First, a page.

Tequileros En Dinamarca #2
The sun has just blessed beautiful Copenhagen with its pressens, so I took a well deserved holiday, to enjoy some of it, but also get a lot of things done. I just finnish moving houses, planting fresh herbs and i got to spend some quality time with friends and family. But that does definitely not mean I haven’t had time to drink Tequila. As a matter of fact we are a small group of enthusiasts meeting up ones a month do some serious tasting. Last time I think we went a bit overkill with the amount of tequila we tasted, so we decided to only go for one bottle each this time, so we could spend the proper time with each bottle, as they deserve. Having said that, my three comrades showed up with two bottles each, and having a wall of 60 something Tequilas at home did not help limit the amount of bottles that was opened that night. We finally decided that exceptional Tequila shall be drunk, not saved. What is the point to buy a bottle if I can never taste it? Sure there might only be 200 bottles of something left in the world. But if I never drink it, I will never know if it was worth buying. We chased down one of the last bottles of Casa Noble Gold, A joven Tequila only aged for 6 weeks. Fortunately for this Tequila, the tequilero was not satisfied with the result and stacked it in a cellar. A few years later it was forgotten, and later found again. And here is the interesting part, I have an idea that Tequila bottle ages. I have tried many new and old bottles against each other, and even though the master distiller claims that nothing has changed in the process of making, it is two completely different Tequilas. I would be too easy to say that it is due to different agaves and the weather conditions have changed and so on, which is all natural. But the difference would not be that big, there is something else that happens in the bottle. Magic.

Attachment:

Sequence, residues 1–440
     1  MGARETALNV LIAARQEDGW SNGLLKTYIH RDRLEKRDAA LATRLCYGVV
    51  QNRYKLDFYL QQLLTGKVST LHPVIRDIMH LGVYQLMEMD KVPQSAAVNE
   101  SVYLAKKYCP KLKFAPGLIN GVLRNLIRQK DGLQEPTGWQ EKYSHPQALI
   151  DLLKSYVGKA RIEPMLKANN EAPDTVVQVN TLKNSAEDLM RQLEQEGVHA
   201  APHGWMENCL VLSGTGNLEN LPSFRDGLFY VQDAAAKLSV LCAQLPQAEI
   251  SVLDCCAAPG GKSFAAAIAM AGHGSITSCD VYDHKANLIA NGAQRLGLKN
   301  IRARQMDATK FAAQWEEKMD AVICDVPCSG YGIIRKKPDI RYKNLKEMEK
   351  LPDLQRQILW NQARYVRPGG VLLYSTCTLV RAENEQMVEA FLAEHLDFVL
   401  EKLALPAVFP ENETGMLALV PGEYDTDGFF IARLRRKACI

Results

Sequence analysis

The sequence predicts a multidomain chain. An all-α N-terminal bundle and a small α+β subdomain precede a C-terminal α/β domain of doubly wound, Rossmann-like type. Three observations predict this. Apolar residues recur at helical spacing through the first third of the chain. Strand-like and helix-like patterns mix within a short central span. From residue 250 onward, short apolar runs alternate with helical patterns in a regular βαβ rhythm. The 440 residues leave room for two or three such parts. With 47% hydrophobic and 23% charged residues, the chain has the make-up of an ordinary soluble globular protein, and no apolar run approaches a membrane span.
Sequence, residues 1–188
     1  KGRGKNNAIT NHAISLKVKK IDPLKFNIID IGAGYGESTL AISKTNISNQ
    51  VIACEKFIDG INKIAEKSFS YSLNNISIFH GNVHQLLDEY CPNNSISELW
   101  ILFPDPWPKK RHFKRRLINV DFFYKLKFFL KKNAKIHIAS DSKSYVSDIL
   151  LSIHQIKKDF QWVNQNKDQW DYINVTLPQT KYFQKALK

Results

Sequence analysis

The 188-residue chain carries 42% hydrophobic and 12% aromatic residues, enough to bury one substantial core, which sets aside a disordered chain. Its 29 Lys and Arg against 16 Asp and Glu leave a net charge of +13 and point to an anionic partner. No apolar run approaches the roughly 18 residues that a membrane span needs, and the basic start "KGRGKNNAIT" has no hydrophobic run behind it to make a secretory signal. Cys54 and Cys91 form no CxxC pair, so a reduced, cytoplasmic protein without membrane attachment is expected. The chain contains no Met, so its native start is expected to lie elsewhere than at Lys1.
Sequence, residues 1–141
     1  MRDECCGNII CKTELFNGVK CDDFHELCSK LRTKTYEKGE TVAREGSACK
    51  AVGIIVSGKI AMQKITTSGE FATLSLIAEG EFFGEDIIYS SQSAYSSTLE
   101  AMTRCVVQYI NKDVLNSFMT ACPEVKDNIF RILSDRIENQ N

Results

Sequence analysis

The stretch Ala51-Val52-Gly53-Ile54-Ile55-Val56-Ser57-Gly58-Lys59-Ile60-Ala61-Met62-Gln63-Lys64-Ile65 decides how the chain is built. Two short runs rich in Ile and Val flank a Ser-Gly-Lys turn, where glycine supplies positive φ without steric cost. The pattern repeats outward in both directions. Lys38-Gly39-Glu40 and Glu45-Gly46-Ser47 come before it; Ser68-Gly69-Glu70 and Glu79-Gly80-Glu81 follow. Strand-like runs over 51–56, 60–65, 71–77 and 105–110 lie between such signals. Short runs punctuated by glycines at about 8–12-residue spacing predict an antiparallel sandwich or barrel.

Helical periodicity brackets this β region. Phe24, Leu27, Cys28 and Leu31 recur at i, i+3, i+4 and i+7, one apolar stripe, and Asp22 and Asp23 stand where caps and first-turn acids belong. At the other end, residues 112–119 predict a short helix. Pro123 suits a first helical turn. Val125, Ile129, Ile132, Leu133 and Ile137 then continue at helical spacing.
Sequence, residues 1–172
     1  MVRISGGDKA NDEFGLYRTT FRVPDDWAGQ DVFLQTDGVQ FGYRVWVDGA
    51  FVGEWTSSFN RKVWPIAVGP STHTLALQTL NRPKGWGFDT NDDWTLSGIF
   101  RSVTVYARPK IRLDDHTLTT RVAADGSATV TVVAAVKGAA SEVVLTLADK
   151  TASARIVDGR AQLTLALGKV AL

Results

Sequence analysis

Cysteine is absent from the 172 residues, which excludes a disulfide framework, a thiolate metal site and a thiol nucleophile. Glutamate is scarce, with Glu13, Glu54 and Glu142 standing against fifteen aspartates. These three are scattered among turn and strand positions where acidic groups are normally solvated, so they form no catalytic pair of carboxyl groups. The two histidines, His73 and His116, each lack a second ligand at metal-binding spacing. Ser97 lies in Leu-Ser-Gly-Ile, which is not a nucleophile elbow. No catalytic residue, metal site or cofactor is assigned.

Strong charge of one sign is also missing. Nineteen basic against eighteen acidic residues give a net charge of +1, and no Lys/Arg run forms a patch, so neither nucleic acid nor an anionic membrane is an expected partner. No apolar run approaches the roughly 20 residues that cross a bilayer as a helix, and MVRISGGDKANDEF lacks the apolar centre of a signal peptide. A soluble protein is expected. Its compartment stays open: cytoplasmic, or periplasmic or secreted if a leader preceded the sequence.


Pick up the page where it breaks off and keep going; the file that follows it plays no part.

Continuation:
In my honest opinion, this might be one of the best Tequila I have ever tried. It is so complete. Not that I know what gold would feel like in my mouth if I drank it, but I would love for it to taste like Casa Noble Gold. We also opened a Sauza from the late 1800s that I found on eBay a few years back. Sadly most of the alcohol was vaporised, but we drank it anyways. Very full bodied agave water, not the most pleasant experience, but definitely an experience. After the Casa Noble we worked our way through quite a few bottles, Partida & Tierra Azteca Blanco, Ultimo Agave & Tapatio Reposado (old label), Los Abuelos & Gran Sol Anejo and finished off with Chinaco Negro, just because we can. Conclusion of this though, Los Abuelos stands up to bottles 5 time the price. Not that the price is an indication of quality, but respect!